What Is Periodised Training?

Periodised Training

When you start your journey in training and racing in a sport with seasonal competition periods, it is important to understand why you are training the way you are. When you set a race goal, you need to arrive on the start line with the correct balance of endurance, strength, power and speed for you to perform at your best. This is where a periodised training program will give you the edge over your competitors.

With a periodised program, you are able to create a pathway which considers the organisation of a weekly sessions, all the way out to structuring a whole lifestyle around the energetic and economic demands required of your body and mind.

It is not uncommon to see new athletes jump into a group situation and attempt to follow the athletes around them. Trying to emulate what others are doing in each session is not only unwise, but it also increases the risk of injury. Everyone within a squad such as Davey Black Triathlon that individualises training plans for their athletes will have planned and structured goals for each athlete. While group training is maintained to increase motivation, each athlete will have their own set targets for speed, distance and duration of each set, each week, each month, and each year. This is where periodisation becomes important. It all comes down to the art and science of modifying the individual’s variables around training to enhance the results from training while keeping it safe.

To better understand what periodisation is and how it influences the way we train, it is important to understand some basic terms. When you see your training program, think of it in 3 phases:


This cycle is composed of around 1 week of training. It is normally structured around the athlete’s requirements and their personal and professional life. Here is where athletes and coaches organise their daily routine and consider the training hours and days around other external responsibilities.


This is normally composed of 4 to 6 weeks’ worth of microcycles. A mesocycle is focussed on a specific physiological element such as endurance, speed, strength etc. This always includes an adaptive phase of recovery.


A macrocycle is the big picture for the athlete. It is generally comprised of a 12–24-month plan but can be as long as a 4-year plan for some athletes with long term goals. By visualising a macrocycle of this nature, it becomes clearer why there are some months of the year where the training tends to feel longer and some other months where shorter speed sessions are the main focus.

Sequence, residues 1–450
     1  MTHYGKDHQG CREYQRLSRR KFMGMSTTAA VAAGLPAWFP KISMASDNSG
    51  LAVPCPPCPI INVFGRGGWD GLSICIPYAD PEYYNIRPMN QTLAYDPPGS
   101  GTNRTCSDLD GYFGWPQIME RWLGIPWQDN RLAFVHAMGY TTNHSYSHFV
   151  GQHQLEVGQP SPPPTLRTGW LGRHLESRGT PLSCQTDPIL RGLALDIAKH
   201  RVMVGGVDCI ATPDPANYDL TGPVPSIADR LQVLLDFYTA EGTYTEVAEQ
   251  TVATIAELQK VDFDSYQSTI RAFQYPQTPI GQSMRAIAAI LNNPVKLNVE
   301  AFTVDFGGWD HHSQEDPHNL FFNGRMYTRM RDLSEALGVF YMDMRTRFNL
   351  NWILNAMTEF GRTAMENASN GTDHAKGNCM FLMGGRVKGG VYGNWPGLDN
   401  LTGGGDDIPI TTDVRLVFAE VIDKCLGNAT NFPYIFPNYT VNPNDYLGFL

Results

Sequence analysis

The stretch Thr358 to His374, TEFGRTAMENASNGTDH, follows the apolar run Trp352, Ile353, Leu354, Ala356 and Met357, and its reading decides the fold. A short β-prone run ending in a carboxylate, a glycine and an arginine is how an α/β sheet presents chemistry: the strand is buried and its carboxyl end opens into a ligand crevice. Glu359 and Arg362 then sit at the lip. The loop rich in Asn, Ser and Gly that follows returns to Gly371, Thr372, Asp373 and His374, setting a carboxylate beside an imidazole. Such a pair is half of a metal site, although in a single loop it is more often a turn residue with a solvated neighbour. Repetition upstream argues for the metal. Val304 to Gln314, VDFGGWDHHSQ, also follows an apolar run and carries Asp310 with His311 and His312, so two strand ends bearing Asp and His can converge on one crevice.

The big question that comes to our Melbourne triathlon coaches on a regular basis is how does a training program fit into an athletes’ day to day life? The answer is that it needs to consider two factors. First is designing a training program around an athletes work, family and social schedule. The second is considering how energy levels can fluctuate depending on the program phase. Together with your coach, family and employees, you can adapt a periodised program within your life and embrace a healthy lifestyle around your personal and athletic objectives.

Now that you understand the importance of periodisation in training, you now need to learn how to incorporate this into your daily routine. The first step is to create a goal. You can read more about goal setting here; Goal Setting For Your Season | Davey Black Triathlon. Then start breaking your plan into an organised timeline. You will see how the big picture Macrocycle divides into monthly objectives mesocycles made up of microcycle sessions. It is always advisable to ask a coach to create these types of plans and discuss it with them, this way you will have peace of mind knowing that you are going in the right direction.

Something else that needs to be considered is your body’s muscular adaption and mindset through the different phases of your program. Listening to the different signs and warnings that your body throws at you. Even the most detailed plans run the risk of not being 100% perfect due to different factors such as a body that fails to adapt due to not having enough sleep, too much stress, not eating properly, etc. Following the signs your body gives you is crucial to know how well your body is coping with the program. If you start feeling any deviation from normal, it is important to slow down, check in with your coach and discuss if you need to give yourself a few days to rest and recover. some of the signs to consider are listed below;

Physical signs of fatigue:

  • Feeling continuously tired.
  • Lack of appetite
  • Low blood pressure
  • Sleep disturbances
  • Craving of sugar

Emotional signs of fatigue:

  • Irritability
  • Hypersensitivity
  • Anxiety
  • Nervousness
  • Mild Depression

Periodisation is not just applicable to training itself, but a life lesson that embraces all the areas of life. It teaches us to follow a plan and stick to it, understanding that there are moments where we are expected to push beyond the struggle and some other moments when we need to allow our body and mind to rest and recover. The philosophy behind this also helps us understand the importance of following our own path, because trying to emulate someone else’s path will only take us to failure or harm.

“Success is a journey, not a destination. The doing is often more important than the outcome.” – Arthur Ashe

Leave a Reply

Your email address will not be published. Required fields are marked *